At the time vendor finance was developing an international presence and Hambros needed to have a servicing ability in some European countries - and beyond. The company was struggling to transact cross-border deals due to the lack of an international presence. It was then that Societe Generale acquired Hambros Bank. “Nothing to do with the leasing business I’m sure,” he stressed, “but rather because they wanted to buy the private banking business, which was one of Hambros’ strong attributes.”
In 1998, therefore, Rees found himself employed by an international leasing group as managing director of its UK division. Later, when he moved to Paris, his deputy who was Giles Turner took over the role of UK country manager.
He remembers being told by his first chief executive at SGEF, Jean-Marc Mignerey: “You fit exactly into our business; and we want you to be part of our business.”
Rees looks upon Mignerey as “the godfather of SGEF”. He explained: “prior to his appointment the company was only represented in France where it had around €1 billion of assets under management. When he left, his legacy was an organisation which was present in 15-16 countries with some €12 billion of assets. Jean-Marc is a man that I have massive respect for. Yes, he had quite a distinct management style, very correct. I have huge respect for what he created.”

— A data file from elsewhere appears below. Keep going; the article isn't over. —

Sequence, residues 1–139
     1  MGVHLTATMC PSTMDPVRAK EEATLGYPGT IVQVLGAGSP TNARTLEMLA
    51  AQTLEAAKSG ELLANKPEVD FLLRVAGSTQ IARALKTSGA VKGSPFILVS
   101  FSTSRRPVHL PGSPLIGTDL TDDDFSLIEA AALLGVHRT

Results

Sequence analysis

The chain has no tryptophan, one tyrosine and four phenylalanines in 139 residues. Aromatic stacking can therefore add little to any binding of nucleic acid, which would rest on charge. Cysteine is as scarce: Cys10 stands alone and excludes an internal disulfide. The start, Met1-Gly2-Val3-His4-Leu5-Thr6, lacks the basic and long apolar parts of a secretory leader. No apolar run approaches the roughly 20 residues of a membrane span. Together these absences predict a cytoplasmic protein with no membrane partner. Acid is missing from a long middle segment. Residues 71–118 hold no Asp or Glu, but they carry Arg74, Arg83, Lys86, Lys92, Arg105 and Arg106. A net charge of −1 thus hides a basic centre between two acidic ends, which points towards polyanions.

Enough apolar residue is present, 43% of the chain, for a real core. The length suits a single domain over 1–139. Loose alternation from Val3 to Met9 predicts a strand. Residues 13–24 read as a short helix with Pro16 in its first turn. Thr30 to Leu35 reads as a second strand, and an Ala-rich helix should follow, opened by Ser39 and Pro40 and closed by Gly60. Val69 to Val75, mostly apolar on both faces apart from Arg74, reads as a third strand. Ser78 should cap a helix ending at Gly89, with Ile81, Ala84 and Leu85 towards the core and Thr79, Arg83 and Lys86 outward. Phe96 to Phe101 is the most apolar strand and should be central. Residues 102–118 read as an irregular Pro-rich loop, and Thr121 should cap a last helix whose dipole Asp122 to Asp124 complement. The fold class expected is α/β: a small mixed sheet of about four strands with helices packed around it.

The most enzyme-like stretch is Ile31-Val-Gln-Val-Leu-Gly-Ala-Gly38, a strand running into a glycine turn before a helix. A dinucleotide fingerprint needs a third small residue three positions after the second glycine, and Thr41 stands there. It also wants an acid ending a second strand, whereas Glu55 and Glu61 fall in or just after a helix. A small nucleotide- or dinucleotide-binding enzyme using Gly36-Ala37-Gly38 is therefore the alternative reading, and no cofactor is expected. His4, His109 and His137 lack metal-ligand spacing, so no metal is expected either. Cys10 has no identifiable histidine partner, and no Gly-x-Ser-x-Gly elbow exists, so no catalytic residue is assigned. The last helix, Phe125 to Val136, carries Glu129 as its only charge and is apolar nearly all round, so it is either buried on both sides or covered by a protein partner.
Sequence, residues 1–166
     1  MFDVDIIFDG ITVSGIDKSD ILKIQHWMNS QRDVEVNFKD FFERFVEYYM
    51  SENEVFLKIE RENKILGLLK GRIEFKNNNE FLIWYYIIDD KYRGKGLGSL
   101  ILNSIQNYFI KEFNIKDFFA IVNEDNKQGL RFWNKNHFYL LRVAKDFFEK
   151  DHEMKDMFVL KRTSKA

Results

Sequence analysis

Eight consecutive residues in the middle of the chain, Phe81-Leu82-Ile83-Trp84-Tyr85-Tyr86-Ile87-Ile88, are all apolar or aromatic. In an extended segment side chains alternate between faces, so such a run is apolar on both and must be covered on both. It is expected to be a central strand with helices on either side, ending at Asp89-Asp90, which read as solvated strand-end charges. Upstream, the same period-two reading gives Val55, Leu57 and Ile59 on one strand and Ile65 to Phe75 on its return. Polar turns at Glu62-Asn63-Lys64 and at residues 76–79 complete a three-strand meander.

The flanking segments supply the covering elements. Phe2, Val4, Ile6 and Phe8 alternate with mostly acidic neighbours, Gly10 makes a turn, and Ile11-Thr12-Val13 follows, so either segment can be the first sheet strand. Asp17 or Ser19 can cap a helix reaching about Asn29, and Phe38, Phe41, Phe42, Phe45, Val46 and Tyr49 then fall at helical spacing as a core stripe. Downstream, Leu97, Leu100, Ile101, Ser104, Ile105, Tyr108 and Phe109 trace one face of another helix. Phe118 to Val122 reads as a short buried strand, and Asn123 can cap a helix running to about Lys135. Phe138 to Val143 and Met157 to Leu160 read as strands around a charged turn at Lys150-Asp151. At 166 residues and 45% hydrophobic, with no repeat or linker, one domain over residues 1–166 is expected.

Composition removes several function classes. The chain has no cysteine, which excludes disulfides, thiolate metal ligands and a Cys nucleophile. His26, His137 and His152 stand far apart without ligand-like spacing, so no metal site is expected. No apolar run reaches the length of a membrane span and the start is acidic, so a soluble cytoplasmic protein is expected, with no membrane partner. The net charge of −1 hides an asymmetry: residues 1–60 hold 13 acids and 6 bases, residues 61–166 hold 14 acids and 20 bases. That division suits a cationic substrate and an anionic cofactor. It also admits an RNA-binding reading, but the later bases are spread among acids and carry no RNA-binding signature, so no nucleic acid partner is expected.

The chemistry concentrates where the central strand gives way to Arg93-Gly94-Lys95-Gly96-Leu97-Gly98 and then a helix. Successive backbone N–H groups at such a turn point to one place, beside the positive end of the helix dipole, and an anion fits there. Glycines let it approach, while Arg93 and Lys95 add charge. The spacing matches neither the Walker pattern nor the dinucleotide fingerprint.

The Societe Generale acquisition proved to be something of a shot in the arm for SGEF’s UK leasing business. Rees said: “We had the vendors that came from Hambros and then we had access to all of the international clients.
Probably one of our biggest clients then was a very large US software company. We were active in the early days of IT financing, buying paper from the vendor when they were selling their software license on instalments. Actually, SGEF was doing the same thing with this vendor in France so it fitted very well. We were both quite innovative and entrepreneurial in financing technology assets and we saw software as important as hardware and mainframes.”
He added: “Back then the balance of value in an IT sale would have probably been about 70% hardware, 30% software - and now of course, it’s completely reversed. In some sales it’s 100% software. The cost of hardware has just gone down and down and down. At that time, I think we were probably a little bit ahead of the market in being comfortable to finance just the software part.”
Understanding residual values
SGEF worked at being high-profile in the local authority leasing market at the time. “It was,” he stressed, “a time when local authorities wanted to get it out of their capital budget and into their revenue budget. So, we worked with all of the intermediaries in that sector and that was where we learnt residual values as a product. That stood Giles Turner and I in really good stead in our careers - to really understand residual values. I think a lot of people know how you can value an asset in the future, but I think you need to add the customer behaviour to that as well – and indeed we rarely had any of our equipment returned at the end of the initial term lease period – instead they inevitably extended.”